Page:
Posts Tagged: autism

The Rumpus Mini-Interview Project #135: Patrick Nathan

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“I wanted to make these characters much more complex than the individual boxes we normally see.”

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Body Fluids: An Exploration of Motherhood

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I think fresh semen smells like aspirin, which is made from a mold that grows on birch trees, which of course are phallic.

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It’s All about Positionality: Talking with Kayleb Rae Candrilli

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Kayleb Rae Candrilli discusses their debut collection, What Runs Over, reclaiming memory through poetry, and the political act of being happy.

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It’s Never Too Late to Be Found: A Conversation with Rene Denfeld

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Rene Denfeld discusses her latest book, The Child Finder, the ways in which trauma traps us, and the important role of imagination in finding resilience and escape.

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The Rumpus Interview with Carolyn Parkhurst

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Carolyn Parkhurst discusses her latest book, Harmony, writing about your personal life and family in fiction, and her fascination with cults.

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Annie Lennox - A Christmas Cornucopia | Rumpus Music

My Life with Annie Lennox: A Christmas Cornucopia

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Perhaps part of what prompted me to get clean and sober was the fact I kept making myself uncomfortable.

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The Read Along: Omar Musa

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In the second installment of The Read Along, Omar Musa shares how airplane delays can lead to productive reading sessions and how easy it is to get sucked into Internet wormholes about geodesic domes.

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The Saturday Rumpus Essay: Wanting To Dance

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It just felt so comfortable to slide back into singing, “She Loves You,” and know for that moment, everything was the same.

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Rewriting Autism

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Elon Green writes about the complicated history of autism research for the Atlantic: But the damage done by Kanner, intentionally or otherwise, is inescapable. For far too long he perpetuated ideas about autistic children that were simply not true. And for too long no one was the wiser. “By burying Asperger in history, Kanner obscured the […]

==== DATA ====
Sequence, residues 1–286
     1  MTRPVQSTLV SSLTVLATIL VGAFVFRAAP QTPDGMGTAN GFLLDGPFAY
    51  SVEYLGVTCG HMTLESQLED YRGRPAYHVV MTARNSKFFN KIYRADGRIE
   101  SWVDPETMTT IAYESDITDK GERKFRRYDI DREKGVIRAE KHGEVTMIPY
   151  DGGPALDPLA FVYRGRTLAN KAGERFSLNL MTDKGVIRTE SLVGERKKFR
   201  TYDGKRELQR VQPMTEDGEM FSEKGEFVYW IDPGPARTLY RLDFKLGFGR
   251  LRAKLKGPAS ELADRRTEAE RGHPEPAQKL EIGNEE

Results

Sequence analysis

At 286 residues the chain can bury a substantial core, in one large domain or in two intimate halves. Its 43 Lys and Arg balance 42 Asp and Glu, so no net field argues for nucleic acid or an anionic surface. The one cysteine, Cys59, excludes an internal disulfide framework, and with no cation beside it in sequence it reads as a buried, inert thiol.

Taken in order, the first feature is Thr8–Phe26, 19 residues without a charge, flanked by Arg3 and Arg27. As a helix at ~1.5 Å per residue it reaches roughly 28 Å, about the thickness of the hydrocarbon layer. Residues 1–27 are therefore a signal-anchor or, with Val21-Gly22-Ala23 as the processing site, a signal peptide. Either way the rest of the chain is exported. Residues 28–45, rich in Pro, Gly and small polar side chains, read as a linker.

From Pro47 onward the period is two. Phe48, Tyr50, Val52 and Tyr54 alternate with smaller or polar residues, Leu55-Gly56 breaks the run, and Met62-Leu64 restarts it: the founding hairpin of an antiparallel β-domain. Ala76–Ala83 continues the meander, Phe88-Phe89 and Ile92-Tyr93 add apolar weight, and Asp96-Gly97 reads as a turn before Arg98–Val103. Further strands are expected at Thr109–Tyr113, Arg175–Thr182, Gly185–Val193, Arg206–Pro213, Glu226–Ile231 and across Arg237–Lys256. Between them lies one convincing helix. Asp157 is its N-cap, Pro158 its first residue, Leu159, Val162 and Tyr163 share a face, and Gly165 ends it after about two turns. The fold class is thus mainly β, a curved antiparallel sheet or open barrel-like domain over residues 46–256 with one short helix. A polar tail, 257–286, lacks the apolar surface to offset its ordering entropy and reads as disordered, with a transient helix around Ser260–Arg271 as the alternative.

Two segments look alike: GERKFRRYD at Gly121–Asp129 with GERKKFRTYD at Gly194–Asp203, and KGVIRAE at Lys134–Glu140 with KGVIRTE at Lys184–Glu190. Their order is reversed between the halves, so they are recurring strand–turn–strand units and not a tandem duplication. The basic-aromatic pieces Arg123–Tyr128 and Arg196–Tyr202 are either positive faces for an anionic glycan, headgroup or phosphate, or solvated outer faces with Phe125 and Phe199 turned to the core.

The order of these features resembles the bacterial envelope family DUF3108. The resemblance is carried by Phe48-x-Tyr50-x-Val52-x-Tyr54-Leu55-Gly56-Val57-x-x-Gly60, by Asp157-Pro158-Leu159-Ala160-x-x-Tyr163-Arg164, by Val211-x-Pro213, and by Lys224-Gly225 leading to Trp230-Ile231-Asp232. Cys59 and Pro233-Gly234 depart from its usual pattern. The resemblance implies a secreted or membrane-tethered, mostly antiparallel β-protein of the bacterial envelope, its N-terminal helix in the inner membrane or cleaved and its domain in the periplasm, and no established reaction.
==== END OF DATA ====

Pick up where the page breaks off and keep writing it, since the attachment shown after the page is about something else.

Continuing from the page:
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Autism on the Page

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Even if we already know our identity, proper representation helps us accept that identity. It’s well-established that negative/no representation has awful effects on self-esteem. When we see no one like us—or when we’re only ever the troubled sibling, never the heroic kid —it sends a message. We’re not normal. We’re not welcome. We’re not heroes. […]

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A Father’s Striking Photos of His Autistic Son

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In the vein of Naoki Hagoshida’s The Reason I Jump (and David Mitchell’s Guardian essay), photographer Timothy Archibald created a breathtaking series of portraits of his autistic son Elijah. Archibald originally started taking the photos “so he could show them to behavioral specialists,” but they “became a bonding experience between father and son, and allowed them to create […]

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Novelist David Mitchell on His Son’s Autism

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In an essay for The Guardian, David Mitchell (author of the novels Cloud Atlas and Black Swan Green, among others) provides a moving and honest account of the experience of raising a son with autism. While the diagnosis came as a shock—and gave way to more difficulties and struggles than he’d imagined—Mitchell writes that he has learned to […]

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